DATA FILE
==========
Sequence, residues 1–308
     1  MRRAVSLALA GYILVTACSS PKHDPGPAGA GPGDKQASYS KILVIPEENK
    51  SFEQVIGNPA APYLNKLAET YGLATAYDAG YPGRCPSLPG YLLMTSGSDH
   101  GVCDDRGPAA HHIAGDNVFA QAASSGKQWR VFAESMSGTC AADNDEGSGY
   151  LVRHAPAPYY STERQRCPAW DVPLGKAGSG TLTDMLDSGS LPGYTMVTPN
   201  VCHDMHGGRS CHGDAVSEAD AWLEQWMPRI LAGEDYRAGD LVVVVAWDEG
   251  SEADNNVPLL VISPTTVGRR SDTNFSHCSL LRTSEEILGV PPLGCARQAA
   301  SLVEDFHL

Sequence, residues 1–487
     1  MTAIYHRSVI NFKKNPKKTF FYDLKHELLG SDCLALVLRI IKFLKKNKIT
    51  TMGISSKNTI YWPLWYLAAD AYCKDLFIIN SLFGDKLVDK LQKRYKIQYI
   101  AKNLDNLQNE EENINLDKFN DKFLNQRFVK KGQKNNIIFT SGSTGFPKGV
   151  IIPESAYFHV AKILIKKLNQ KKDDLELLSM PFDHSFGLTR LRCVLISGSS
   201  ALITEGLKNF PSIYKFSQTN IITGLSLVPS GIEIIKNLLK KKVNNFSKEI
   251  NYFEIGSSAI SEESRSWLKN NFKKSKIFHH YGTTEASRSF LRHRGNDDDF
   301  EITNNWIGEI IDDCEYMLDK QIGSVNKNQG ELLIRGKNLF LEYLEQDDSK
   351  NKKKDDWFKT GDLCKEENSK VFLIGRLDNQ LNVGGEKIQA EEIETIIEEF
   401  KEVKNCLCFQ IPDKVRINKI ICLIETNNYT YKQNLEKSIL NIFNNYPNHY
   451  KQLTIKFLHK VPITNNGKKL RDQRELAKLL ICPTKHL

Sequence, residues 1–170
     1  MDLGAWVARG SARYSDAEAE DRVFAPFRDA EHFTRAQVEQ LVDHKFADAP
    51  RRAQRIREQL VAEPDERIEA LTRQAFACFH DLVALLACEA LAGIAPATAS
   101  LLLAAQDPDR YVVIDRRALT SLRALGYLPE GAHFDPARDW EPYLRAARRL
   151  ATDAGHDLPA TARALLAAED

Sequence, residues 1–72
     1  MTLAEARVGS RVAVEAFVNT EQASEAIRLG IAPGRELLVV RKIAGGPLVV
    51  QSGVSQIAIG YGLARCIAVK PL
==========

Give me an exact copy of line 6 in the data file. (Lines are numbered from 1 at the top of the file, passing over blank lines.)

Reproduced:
   201  VCHDMHGGRS CHGDAVSEAD AWLEQWMPRI LAGEDYRAGD LVVVVAWDEG